Thursday, August 07, 2008

Erin Andrews, ESPN It GIrl, is no bimbo; worked with Skip Caray at Turner Sports

Charles Elmore of the Palm Beach Post defends ESPN's "It Girl" Erin Andrews in his August 5th it below

Commentary: Erin Andrews is no bimbo

Braves announcer Skip Caray dies, and the nation's blogosphere is consumed with a column written about the dress ESPN reporter Erin Andrews was wearing in the Cubs' clubhouse last week.

Sad and ridiculous? Absolutely.

"Skip would have been the first person to call me," Andrews said by telephone Tuesday. "He would have said, 'Give 'em hell.' "

If you want to debate about what is an appropriate hemline, fine. But it's not fair to suggest Andrews is a bimbo who is lost in a sports atmosphere.

Andrews had to earn the respect of Caray, who died Sunday at age 68, when she worked for Turner Sports. By her account, he was, like a lot of men in the world of sports, not too sure about her initially. Here was a 5-foot-10 blonde woman, a University of Florida graduate and former member of the school's Dazzlers basketball dance team. Did she know anything about sports?

"I had to prove myself to him," Andrews said. "When Turner let me go and I was hired by ESPN, he left a phone message for me in his big announcer voice, 'Now let's send it to Erin Andrews. Oh wait, Turner made a mistake. She's going to be a huge star with ESPN.' ''

Caray was right. Her star rose, particularly in cyberspace. Bloggers followed her every move. By 2007, she was voted "America's Sexiest Sportscaster" by Playboy.

The backlash arrived in the Cubs' clubhouse.

Andrews said she has gone over in her mind everything a newspaper columnist wrote about, everything that touched off the blogo-bluster. There was the print dress, described as revealing and showing a lot of leg; acting friendly toward players and touching Alfonso Soriano "suggestively" on the bicep; hearing Cubs skipper Lou Piniella say, "Hey, hey, hey! Look at this! Are you doing a baseball game today or a modeling assignment?"

"I went back and examined the whole day in my head," Andrews said. "I thought, 'No, I didn't do anything wrong,' ''

Andrews said she examined Soriano's injury scar, and was not feeling his bicep. She took Piniella's remarks as standard clubhouse joshing, which occurs every day.

ESPN executives have backed her in public statements. They should.

Look past the Web sites naming her "hottest broadcasting babe" and all that. Looks do not entirely explain her appeal. After all, sideline reporter Lisa Guerrero didn't last on Monday Night Football. There is a gawky, tomboyish quality to Andrews that offsets the supermodel aura, and gives her a different dimension, almost sisterly.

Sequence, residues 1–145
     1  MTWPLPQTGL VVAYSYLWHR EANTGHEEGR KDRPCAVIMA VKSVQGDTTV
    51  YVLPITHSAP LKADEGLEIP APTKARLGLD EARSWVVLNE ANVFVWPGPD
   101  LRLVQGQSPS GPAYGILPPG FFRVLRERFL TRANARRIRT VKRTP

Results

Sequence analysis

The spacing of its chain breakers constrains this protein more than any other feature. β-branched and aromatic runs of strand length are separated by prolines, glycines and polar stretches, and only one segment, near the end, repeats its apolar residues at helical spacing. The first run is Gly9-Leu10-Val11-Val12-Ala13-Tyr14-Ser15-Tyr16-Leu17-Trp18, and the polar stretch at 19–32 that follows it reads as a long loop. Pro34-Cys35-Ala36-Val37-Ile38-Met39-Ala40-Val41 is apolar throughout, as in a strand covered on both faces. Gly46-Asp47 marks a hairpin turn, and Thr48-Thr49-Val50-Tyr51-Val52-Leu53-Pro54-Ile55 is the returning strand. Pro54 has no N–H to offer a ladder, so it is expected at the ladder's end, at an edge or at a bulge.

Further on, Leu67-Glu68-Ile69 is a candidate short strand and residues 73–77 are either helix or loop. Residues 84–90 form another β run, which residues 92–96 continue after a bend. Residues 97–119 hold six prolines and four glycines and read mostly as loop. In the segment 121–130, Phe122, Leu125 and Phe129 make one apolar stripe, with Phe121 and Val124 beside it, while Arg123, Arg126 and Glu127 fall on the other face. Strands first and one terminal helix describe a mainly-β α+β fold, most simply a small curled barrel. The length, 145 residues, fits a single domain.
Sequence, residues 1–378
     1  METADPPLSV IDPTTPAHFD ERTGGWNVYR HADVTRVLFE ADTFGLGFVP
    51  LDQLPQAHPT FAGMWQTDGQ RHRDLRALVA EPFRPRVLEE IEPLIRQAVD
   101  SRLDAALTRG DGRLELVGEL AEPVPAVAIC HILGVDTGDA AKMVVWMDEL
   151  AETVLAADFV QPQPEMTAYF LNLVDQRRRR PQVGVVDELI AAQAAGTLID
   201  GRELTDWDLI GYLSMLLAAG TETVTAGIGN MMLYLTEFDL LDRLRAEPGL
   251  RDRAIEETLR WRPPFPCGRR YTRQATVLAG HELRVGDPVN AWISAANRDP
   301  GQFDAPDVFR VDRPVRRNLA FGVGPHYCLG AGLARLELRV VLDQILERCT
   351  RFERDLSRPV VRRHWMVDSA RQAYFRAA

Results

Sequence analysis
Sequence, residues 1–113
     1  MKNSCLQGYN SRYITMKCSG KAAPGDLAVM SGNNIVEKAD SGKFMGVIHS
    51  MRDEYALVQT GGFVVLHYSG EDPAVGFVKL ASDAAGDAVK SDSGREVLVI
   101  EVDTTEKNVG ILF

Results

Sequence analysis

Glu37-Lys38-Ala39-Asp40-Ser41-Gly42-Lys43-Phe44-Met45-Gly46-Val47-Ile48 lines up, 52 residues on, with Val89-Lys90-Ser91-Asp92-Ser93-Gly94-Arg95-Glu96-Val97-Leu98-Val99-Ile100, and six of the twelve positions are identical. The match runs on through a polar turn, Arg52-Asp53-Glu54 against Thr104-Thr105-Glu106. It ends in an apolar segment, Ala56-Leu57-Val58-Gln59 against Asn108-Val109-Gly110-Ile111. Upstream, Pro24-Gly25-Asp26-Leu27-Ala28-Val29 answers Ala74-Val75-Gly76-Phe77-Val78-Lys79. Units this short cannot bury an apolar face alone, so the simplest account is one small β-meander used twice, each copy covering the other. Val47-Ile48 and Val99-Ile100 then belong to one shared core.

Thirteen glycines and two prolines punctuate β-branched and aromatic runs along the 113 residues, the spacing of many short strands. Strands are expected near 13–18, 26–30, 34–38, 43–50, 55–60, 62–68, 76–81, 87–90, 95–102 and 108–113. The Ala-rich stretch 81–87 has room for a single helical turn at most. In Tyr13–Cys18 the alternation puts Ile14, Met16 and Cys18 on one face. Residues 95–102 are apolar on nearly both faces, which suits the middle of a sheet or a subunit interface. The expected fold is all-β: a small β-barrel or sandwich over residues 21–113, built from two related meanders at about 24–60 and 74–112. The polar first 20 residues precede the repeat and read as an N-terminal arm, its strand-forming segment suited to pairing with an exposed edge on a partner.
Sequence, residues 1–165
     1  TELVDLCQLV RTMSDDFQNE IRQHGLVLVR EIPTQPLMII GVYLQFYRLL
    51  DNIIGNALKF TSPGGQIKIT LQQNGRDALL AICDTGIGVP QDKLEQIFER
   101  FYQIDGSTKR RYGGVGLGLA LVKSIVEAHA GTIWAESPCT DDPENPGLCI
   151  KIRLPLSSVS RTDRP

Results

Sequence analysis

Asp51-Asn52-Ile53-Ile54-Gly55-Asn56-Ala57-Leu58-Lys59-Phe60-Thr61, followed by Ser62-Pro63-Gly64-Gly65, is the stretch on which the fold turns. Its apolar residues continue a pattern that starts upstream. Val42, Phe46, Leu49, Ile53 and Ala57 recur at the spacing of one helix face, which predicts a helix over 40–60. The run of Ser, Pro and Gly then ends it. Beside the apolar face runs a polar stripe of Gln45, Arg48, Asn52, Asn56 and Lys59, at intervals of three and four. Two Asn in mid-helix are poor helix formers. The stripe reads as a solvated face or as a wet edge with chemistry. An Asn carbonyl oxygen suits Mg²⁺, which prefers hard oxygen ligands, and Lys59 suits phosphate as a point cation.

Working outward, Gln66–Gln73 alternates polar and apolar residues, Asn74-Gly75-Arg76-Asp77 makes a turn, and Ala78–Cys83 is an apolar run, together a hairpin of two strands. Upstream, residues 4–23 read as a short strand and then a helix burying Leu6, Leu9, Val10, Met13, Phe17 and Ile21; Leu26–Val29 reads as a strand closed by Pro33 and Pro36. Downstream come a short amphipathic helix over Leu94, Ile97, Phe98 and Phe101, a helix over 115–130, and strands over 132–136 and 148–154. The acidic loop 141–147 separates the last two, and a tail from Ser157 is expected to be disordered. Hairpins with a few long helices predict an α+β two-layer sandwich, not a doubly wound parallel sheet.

"She works very hard to prepare, and she's like one of the guys," ESPN colleague Kirk Herbstreit said at a Florida Atlantic University appearance Monday.

She laughs off a lot of things said or written about her, but the latest business really seemed to sting, Herbstreit said. It brought her professionalism into question. It went "above and beyond."

GateHouse News Service columnist Mike Nadel, who wrote the piece that stirred the pot, said later in a Web interview he had not seen enough of Andrews' work on camera to judge whether she is good at her job. He was just writing about what he saw in the clubhouse. Her work bolsters her case. She conveys respect and enthusiasm for college games, for example, not treating them like the minor leagues.

"When we come to a town, it's a big event for us," she said. "It's our Super Bowl every week."

Judging by the fuss, you'd think some terrible incident had occurred that had brought dishonor to female sports journalists everywhere. Horrors - ballplayers and male journalists noticed some leg flesh. But where's the beef? Did she climb into the lap of a player or give him a smooch? No. Her sin seemed to be she tried to get players chatting without going straight to a question about their batting average against lefties. Somehow this does not seem to rank with Janet Jackson's nipple shield.

Here's predicting Andrews will survive all this just fine. Basketball analyst Charles Barkley, no stranger to controversy, got in touch with her amid a wave of calls and text messages. He suggested at her next game, a Yankees-Rangers contest tonight, she should show up in a fur coat.

"That was funny, but I'm going to wear a dress," she said. "Are you kidding? It's 100 degrees."

To paraphrase Ralph Waldo Emerson, if you shoot at a sideline queen, you must kill her.

Andrews is alive and well.

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